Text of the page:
May 22 (Bloomberg) -- Greece’s economy will shrink more than the government expects in 2012 and 2013 even if it makes all structural changes laid out under the country’s bailout, the Organization for Economic Cooperation and Development said.
Gross domestic product will contract 5.3 percent this year and 1.3 percent in 2013, after shrinking 6.9 percent in 2011, the OECD said in a report published today. The European Commission forecast on May 11 that the Greek economy will contract 4.7 percent this year and show zero growth in 2013.
“These projections assume that the EU/IMF program of fiscal consolidation and structural reform is fully implemented,” the OECD said, referring to the bailout terms set by the European Union and the International Monetary Fund. “If the EU/IMF program were not implemented, the risk of debt default would rise sharply, with incalculable consequences.”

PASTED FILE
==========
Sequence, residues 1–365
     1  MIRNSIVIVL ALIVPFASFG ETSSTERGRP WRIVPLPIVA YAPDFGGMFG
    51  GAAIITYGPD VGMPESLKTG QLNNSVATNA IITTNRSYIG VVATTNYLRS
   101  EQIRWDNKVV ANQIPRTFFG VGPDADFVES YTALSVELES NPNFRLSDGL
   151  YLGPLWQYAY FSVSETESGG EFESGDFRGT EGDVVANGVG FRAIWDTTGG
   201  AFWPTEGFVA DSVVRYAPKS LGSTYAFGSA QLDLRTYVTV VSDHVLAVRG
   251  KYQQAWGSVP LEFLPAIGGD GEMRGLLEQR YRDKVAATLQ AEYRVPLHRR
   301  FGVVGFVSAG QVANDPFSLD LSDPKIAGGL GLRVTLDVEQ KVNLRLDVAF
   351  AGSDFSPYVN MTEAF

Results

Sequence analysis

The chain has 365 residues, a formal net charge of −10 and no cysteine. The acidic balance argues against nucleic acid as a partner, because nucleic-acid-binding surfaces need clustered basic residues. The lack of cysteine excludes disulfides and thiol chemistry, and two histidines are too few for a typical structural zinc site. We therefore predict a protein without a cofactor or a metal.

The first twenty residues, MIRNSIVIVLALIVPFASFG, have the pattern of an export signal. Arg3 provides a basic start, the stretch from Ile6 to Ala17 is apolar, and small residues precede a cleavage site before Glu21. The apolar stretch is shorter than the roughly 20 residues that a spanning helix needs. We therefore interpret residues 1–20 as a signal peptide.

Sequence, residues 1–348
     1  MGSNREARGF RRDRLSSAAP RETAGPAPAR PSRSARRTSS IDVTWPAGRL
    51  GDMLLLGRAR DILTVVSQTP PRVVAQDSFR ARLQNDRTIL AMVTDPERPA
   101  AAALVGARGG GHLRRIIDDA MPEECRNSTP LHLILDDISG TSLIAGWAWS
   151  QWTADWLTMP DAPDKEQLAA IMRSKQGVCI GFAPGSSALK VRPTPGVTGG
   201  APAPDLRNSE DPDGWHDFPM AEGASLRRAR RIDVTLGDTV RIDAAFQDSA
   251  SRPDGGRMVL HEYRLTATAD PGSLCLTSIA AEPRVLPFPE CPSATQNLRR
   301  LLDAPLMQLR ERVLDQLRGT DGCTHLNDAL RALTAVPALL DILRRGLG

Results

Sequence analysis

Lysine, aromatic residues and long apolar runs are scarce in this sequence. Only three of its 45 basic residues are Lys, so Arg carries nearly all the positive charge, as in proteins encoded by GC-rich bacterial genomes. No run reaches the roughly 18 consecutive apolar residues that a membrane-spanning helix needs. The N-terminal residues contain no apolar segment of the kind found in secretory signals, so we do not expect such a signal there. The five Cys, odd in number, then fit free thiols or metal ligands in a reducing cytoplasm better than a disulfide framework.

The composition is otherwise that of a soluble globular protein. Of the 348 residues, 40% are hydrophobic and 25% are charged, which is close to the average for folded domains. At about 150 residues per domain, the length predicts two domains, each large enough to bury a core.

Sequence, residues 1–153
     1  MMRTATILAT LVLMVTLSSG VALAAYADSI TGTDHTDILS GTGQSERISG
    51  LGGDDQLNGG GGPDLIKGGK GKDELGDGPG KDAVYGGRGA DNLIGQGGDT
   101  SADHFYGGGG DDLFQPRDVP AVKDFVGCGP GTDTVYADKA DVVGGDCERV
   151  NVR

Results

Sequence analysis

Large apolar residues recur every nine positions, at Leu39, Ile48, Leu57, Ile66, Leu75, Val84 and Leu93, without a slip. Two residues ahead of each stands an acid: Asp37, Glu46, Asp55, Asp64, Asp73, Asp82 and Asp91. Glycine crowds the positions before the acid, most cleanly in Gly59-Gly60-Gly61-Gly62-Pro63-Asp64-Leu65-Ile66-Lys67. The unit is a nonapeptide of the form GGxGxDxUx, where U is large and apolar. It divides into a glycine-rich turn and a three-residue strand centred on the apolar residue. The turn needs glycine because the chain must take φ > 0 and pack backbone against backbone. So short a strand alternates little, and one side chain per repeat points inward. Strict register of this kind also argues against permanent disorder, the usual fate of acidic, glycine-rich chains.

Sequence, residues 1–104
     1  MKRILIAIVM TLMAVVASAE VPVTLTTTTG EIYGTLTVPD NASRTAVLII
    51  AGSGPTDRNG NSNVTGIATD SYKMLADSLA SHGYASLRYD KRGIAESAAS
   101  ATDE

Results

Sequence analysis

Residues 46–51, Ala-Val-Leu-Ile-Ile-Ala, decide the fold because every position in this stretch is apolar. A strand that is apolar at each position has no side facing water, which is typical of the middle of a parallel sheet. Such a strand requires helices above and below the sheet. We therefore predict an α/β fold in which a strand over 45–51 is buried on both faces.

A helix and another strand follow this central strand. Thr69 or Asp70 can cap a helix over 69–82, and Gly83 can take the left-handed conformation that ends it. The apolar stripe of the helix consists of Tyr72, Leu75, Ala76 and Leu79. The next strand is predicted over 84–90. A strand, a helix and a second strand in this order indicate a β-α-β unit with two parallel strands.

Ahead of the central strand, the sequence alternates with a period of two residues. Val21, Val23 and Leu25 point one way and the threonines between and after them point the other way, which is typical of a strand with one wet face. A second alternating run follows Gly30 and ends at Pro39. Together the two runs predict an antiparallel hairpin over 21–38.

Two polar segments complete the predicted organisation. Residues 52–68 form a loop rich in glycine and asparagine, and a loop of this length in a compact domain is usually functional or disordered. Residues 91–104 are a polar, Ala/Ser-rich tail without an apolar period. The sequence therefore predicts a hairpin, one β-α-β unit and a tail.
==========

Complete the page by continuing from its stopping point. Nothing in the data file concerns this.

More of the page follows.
Greece is in the fifth year of a recession that has been amplified by austerity measures linked to the rescue, with the unemployment rate reaching 21.7 percent in February. A caretaker government was sworn in last week to lead the country to new elections on June 17 after an inconclusive poll on May 6 propelled the Syriza party, which wants to annul the bailout, into second place.
Greece’s budget deficit will drop to 7.4 percent of GDP this year and 4.9 percent in 2013 from 9.2 percent in 2011, the Paris-based OECD said. That compares with a target of 7.3 percent this year and 4.6 percent next year under the program.
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